More subtle features can also be seen in the micro-Raman strain map. A clear wing-like feature is seen at the border of the implanted patterned region and near the stopping region. This feature is consistent with a comparable feature that has been observed in X-raymicrobeam measurements in ion-implanted channel patterns . The outline of the wing adjacent to the implantation boundary was fitted with a simple polynomial curve (see Fig. 2(b)), which followed the location of the maximum derivative of the signal intensity along the horizontal direction at each Z point above the stopping range. Notice that the stress in this region spreads far into the masked area. Clearly the extent of this stress reflects the stress in the adjacent implanted region, which was shown in Fig. 1(b) above, and thus the wing extends the furthest laterally at the depth of stopping range, where the defect density is the highest. In addition, the optical image, as seen in Fig. 2(c), shows that the implantation is confined to the unmasked region. A relevant theoretical study on the ensemble of vacancy-defect strain tensors (strain per unit defect concentration induced in a crystal) has also been reported for strontium titanate (SrTiO3) . Figure 2(d) is a separate 1-μm-step line scan, taken at the depth corresponding to the ion stopping range, across two implanted regions to show the extent of the long-range strain field distribution. As can be seen in Fig. 2(d), the signal decreases by over a length scale, L ~30 μm, as the probe scans across the implantation boundary toward the unimplanted region, where L is defined as the distance between the implantation interface to the position where the peak shift is decreased to 1/e of the total shift. The origin and the value of the scale length L at different depths for this strain relaxation is undoubtedly set in part by the total implantation dose and the ion straggle, but has not yet been studied in detail. The existence of such a length scale has also been seen in other perovskites, for other strain-enabled phenomena . Using the secular equation above, we find that for a position ~10 μm away from the implanted boundary, and are smaller by factors of ~100 and 10, respectively, relative to their maximum values. In addition to imaging the strain distribution, 2D mapping was used to follow the evolution of the damage distribution upon thermal annealing. Figures 3(a)-3(c) are Raman imaging maps of the 631 cm−1active mode in samples, which are as-implanted [Fig. 3(a)], implanted and then annealed at 250°C for 30 minutes [Fig. 3(b)], and implanted and then annealed at 600°C for 30 minutes [Fig. 3(c)]; Figs. 3(d)-3(f) show samples having these same processing conditions for the 875 cm−1 forbidden mode. Based on SRIM calculations, a dose of 5 × 1016 cm−2 will lead to a total vacancy concentration of ~1022 cm−3, or ~0.3 dpa (displacement per atom). This high dpa yields lattice disorder, leading to the appearance of normally forbidden modes while at the same time causing a decrease of the signals from active modes. These counteracting effects lead to the high-contrast imaging in the active/forbidden-mode mapping. Similar phenomena have also been observed in patterned-implanted samples between the implanted and unimplanted regions . The narrow regions indicated by the yellow arrows in Fig. 3, correspond to the ion range, for which the damage is maximum. After annealing at 250°C, crystallinity is partially recovered [Figs. 3(b) and 3(e)]; further annealing at 600°C facilitates the recovery process such that the width of the narrow regions from nuclear-collision damage is decreased [Figs. 3(c) and 3(f)]. Notice that selected samples were annealed at different temperatures respectively for 30 minutes. Increasing the annealing time further fosters the restoration of crystallinity.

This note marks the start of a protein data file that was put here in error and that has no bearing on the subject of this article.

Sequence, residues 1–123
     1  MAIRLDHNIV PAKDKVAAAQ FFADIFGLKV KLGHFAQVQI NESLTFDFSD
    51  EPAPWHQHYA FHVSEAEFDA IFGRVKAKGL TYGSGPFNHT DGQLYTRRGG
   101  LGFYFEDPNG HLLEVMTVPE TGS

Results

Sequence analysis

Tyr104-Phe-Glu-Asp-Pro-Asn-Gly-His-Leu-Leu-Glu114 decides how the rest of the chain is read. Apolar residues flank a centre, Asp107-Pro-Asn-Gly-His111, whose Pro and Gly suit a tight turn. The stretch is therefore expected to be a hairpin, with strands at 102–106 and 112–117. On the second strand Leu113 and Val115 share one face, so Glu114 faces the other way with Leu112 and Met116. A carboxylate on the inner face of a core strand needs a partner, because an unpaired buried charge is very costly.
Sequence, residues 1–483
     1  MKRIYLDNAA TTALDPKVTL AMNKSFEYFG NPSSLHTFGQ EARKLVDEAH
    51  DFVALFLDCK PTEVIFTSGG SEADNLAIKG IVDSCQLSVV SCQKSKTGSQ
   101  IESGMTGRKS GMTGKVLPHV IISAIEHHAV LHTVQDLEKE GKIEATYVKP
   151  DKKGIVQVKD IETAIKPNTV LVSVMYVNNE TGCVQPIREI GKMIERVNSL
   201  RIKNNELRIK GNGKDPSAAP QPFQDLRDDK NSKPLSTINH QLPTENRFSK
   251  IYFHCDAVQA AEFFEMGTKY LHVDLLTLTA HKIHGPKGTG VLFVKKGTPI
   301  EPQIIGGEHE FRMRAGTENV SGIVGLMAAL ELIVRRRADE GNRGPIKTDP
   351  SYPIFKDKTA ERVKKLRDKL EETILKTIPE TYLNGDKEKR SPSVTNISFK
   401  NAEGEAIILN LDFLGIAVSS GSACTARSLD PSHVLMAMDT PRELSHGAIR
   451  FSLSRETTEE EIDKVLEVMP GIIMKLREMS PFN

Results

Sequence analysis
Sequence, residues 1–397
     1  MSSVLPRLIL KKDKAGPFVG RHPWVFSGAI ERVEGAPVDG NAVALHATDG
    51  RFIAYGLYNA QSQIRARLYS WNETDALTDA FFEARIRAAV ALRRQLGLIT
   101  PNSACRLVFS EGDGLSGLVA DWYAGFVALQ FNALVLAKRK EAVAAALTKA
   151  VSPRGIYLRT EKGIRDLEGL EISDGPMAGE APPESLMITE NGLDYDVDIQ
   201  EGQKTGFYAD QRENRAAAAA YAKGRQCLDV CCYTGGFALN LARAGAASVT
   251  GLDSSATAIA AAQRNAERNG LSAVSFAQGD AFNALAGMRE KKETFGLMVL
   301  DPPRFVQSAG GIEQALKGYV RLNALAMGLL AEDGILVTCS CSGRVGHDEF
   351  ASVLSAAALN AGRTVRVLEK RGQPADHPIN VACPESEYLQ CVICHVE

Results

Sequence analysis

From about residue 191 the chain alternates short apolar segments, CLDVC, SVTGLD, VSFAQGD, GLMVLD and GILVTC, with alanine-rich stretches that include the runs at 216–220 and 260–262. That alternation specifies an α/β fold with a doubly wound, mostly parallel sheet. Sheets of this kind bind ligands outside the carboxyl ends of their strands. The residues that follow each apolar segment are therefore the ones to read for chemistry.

In conclusion, we have shown using Raman spectroscopy the visualization of the formation of a significant crystalline-damage-induced elastic-strain field formed by ~MeV He+ implantation. This strain field is seen clearly in patterned implanted samples using either a change in the intensity, peak shift, and linewidth of allowed or forbidden Raman modes. High-spatial-resolution 2D mapping of the damaged region permits visualization of the strain and defect distribution, and the crystalline recovery upon annealing. The sharp Raman mapping patterns seen in our samples make it clear that micro-Raman imaging is a powerful tool for observation of strain and stress effects in ion-irradiated oxide samples.
The authors gratefully acknowledge generous and useful comments and discussions with Prof. Aron Pinczuk, Prof. John Kymissis and Dr. Ophir Gaathon. This work was supported by the Department of the Defense, Defense Threat Reduction Agency (DTRA) under HDTRA1-11-1-0022.